Low libido is a persistent or recurrent lack of interest in sex. This is known in medical terms as hypoactive sexual desire disorder. However, this problem is often not as serious as it sounds, and it is important for suffers of any sexual problem to feel comfortable about seeking help. Low libido can result from a number of things and if you aren't as interested in sex as you'd like to be, you should not feel it is an over-reaction to seek help from your doctor.
Sexual desire fluctuates naturally over time, so a decline in libido is usually nothing to worry about. Highs and lows commonly coincide with the with a major life changes, such as pregnancy, menopause, or an illness. If you are bothered by a low or decreased libido, there are lifestyle changes and some sex techniques that may increase libido and put you in the mood more often. Read on for more information about low libido and how to overcome it.
What Are The Symptoms of Low Libido?
The major symptom of low libido in women is a decreased desire for sex. This is a commonly experienced symptom most women suffer at some point during their life.
Medical researchers acknowledge that it's difficult to measure “normal” libido levels, and thus to determine what a “low” libido level is. If you feel less desire for sex than your partner does, it may not mean that you're outside the normal levels, though the differences can still be problematic. For this reason, the most severe effects of low libido are often not the physical, but emotional, and can cause relationship issues.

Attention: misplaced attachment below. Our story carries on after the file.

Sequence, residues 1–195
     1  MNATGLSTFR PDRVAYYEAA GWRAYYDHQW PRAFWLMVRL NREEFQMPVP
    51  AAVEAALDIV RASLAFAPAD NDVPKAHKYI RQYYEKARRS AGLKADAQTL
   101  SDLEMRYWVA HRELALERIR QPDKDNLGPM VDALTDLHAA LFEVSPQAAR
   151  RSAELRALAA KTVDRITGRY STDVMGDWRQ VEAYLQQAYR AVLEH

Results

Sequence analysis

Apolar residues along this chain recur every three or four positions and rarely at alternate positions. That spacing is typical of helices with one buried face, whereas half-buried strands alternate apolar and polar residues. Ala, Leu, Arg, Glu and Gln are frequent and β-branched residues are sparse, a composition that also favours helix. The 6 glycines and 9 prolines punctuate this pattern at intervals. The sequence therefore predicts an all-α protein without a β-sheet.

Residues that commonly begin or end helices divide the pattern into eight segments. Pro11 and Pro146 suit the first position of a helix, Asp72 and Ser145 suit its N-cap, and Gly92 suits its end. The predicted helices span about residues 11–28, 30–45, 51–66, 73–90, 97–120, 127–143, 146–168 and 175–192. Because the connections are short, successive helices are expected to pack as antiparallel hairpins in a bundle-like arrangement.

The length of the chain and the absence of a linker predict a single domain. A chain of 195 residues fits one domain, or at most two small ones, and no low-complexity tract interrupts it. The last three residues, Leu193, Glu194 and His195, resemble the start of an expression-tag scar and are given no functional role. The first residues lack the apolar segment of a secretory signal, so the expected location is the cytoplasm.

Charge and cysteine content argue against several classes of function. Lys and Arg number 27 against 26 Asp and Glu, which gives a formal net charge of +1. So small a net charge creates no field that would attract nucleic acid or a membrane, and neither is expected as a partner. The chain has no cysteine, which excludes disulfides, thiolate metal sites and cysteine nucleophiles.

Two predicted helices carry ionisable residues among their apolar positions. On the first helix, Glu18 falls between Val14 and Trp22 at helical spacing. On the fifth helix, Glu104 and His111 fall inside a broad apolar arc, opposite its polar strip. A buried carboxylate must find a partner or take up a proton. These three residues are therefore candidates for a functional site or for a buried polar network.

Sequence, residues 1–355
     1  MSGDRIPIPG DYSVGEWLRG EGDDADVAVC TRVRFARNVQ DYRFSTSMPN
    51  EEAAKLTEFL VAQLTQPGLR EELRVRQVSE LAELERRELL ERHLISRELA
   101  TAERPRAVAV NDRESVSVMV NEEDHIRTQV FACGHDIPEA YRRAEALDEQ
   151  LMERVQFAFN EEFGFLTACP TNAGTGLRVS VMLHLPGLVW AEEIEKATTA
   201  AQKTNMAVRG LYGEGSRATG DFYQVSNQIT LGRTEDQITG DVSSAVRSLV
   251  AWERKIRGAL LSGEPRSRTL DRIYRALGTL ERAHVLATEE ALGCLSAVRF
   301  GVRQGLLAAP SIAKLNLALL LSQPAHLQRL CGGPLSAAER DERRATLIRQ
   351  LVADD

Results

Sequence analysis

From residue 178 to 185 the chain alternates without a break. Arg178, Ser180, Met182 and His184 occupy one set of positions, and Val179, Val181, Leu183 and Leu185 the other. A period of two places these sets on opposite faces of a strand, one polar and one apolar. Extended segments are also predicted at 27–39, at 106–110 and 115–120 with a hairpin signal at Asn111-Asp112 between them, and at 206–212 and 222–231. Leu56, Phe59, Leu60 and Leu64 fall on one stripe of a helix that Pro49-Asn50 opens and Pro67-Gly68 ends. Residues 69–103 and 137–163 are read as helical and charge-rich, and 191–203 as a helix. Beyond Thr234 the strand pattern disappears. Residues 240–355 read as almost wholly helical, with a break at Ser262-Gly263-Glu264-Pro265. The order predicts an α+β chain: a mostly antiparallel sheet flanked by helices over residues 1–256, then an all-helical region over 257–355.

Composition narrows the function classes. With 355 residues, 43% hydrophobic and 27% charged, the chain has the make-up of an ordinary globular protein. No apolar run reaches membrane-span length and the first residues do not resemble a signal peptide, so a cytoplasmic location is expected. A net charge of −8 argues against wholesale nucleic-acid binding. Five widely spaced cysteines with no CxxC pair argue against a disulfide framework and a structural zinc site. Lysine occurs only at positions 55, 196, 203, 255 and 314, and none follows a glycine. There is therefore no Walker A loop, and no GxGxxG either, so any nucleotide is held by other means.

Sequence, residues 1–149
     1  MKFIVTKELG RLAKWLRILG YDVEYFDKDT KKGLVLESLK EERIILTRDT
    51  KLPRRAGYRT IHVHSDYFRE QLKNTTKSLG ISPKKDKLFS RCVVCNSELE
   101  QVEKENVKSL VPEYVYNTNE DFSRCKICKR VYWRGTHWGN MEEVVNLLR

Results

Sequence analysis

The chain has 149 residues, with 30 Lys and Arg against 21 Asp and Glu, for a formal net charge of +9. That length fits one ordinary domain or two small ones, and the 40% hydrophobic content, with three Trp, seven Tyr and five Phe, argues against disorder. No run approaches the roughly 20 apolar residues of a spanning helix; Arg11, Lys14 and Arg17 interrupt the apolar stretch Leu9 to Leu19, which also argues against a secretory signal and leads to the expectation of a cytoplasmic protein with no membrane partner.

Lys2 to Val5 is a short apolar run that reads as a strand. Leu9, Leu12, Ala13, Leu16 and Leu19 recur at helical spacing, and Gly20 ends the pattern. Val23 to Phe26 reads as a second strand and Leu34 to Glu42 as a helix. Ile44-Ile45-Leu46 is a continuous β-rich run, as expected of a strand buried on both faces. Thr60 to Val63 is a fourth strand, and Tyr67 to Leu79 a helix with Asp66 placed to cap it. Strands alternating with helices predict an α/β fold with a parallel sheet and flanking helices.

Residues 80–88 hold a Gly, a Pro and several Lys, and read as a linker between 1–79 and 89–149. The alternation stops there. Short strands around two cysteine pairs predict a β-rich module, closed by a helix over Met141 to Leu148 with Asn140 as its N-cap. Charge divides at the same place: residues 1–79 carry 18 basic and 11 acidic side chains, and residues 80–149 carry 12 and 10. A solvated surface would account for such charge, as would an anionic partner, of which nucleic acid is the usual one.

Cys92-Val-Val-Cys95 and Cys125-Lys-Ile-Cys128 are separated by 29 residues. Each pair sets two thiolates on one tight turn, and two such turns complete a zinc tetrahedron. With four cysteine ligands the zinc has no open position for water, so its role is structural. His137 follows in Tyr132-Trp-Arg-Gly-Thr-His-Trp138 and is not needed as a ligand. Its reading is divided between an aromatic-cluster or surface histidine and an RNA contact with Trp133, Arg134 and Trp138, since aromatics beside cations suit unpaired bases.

What Are the Causes of Low Libido?
Causes of low libido are complex and can be divided into two sections: the hormonal and physical.
Changes in your hormone levels can also be significant in altering your desire for sex. For women going through menopause this is particularly relevant. Estrogen helps maintain the health of the vaginal tissues and interest in sex. However, estrogen levels drop during the transition to menopause, which can cause a decreased interest in sex and the drying of vaginal tissues, resulting in painful or uncomfortable intercourse. Women may also experience a decrease in testosterone during this time which lowers libido.
There are a range of physical problems that can cause low libido. For example, sexual dysfunction, such as anorgasmia, will dampen the desire for sex. Similarly, other medical conditions or diseases greatly affect desire for sex. These conditions can range from the uncomfortable arthritis and myomas to uterine cancer.
What Can Be Done about Low Libido?
Since a lack of libido is usually associated with the lowered hormone levels that result from menopause, a natural hormone balancing program is often the most effective solution to restoring a healthy libido. This often involves an exercise routine and a healthy diet, it can also be supplemented by alternative medicines that work to stimulate the body's own hormones responsible for libido. Click on the link below to learn about treating low libido with alternative medicines.
- Studd, John. "Loss of Libido and Menopause". The Management of Menopause. Annual Review 1998. Partenon Publishing.
- Channon L.D and Ballinger S.E. "Some Aspects of Sexuality and Vaginal Symptoms during Menopause and their Relation to Anxiety and Depression". British Journal of Medical Psychology. June 1986. 59 (2): 173-80.
- Sarell, Philip, M.D. "Psychosexual effects of menopause: Role of androgens". American Journal of Obstetrics & Gynecology. March 1999. 180: 3S-II.